Sept - Nov 2001 PDF Print E-mail

Warden: Simon Franks

In September the Voles were generally being heard more frequently around the house and the Women's Institute garden, and at the beginning of the month a small flock of Meadow Pipits were often to be seen. On a couple of occasions a juvenile Robin also appeared with the Pipits. Other visitors included Wheatears and Whitethroats, and for a few weeks I regularly saw a pair of Great Tits.

Towards the end of September the number of Robins increased, which lead to a number of vocal and physical battles. The Montbretia was still in flower in the middle of September and around the skerries north of the island the Eider Ducks were gathering. The number of Harbour Seals reached a peak towards the end of September, with up to about 55 being seen on the skerries and on the shore of Eilean Mhar. Since then the numbers steadily tailed off, with only the occasional sighting since.


As we move into winter the sightings of Grey Seals have increased. Many mornings, I have seen a single Grey Seal bottling in front of the house. This year the Otters have been doing very well, with a second mother and pair of cubs seen in September. Most of the sightings have been in the bay in front of the bothy, and between Eilean Bàn and Eilean Dudh. The rest of the sightings were in front of the hide. In fact on one day Otters were seen for over 6 hours in the bay in front of the bothy. On a shore walk I came across the remains of a Lesser Blackback Gull on the southeast shore. The body had been striped of all meat but the wings had been untouched. The unusual way it had been eaten suggested it might have been eaten by an Otter. In fact I had seen the mother and 2 cubs in this area the day before.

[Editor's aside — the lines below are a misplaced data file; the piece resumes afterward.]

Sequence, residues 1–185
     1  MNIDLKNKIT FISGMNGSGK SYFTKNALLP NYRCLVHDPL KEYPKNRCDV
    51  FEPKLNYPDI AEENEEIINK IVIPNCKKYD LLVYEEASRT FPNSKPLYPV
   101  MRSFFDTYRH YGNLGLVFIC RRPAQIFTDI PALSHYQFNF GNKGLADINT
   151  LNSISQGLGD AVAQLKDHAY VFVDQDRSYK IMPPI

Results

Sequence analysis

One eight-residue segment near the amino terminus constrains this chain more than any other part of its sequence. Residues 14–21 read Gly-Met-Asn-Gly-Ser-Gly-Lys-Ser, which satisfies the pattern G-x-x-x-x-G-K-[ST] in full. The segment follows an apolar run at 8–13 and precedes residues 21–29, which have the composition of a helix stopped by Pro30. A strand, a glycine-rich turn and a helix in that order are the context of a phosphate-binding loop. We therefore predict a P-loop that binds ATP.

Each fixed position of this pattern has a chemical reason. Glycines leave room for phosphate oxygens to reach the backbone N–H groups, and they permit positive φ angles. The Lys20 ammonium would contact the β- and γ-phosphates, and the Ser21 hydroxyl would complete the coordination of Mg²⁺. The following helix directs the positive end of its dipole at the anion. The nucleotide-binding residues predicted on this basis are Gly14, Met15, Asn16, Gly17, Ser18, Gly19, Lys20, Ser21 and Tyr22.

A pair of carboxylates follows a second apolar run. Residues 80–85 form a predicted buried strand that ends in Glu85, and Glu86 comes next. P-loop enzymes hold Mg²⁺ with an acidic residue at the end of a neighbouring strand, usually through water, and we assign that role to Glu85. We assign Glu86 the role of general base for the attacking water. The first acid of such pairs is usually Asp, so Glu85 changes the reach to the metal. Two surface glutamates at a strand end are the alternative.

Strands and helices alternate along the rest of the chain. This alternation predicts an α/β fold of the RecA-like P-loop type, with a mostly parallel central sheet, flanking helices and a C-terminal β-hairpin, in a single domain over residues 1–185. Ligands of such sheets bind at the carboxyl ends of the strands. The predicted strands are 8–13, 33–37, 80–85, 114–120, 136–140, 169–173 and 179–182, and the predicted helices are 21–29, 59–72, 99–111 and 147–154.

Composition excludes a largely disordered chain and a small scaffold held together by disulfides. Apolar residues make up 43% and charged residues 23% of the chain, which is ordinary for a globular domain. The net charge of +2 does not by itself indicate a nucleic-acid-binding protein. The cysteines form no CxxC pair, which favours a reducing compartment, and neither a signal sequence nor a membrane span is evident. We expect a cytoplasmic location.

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By the start of October up to 7 adult and 4 juvenile Gannets were feeding off the southeast side of the island. On the north and west sides we made sightings of Stonechats perched on the top of mature Heather. A Kestrel was also spotted flying from under the bridge on the south side of the island. Pellets were later discovered under the bridge and during analysis these were found to contain a range of small mammal skulls: 1 Field Vole, 2 Common Shrew and a Pigmy Shrew.

The first Eider rafts were forming between Eilean Bàn and Kyleakin in the second week of the October. A mixed groups of birds including Dunnocks, a pair of Great Tits, a Wren and a Stonechat, were all at one point feeding in a very small area together. Chaffinches were also sighted, and on one occasion I saw a pair of Great Tits entering the Skye Road Bridge through a casting hole!

Towards the end of October a few Mistle Thrushes and Black Birds were often to be seen, and in both October and November Curlews were spotted on the shore around the island. By the end of October most of the Rowan and Birch had lost their leaves, while the Ash kept most of theirs until the end of November.

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November saw sightings of Porpoises, including between 3-5 seen swimming under the bridge, heading west, and a second sighting of a pair in front of the house. On several occasions small numbers of Grey Lag Geese flew over the island in a NE/SW direction from Kyleakin, to headland North East of Kyle of Lochalsh. In the middle of November an Owl pellet was found under the bridge, probably from a Tawny Owl. On analysis the content was found to contain only Field Vole remains.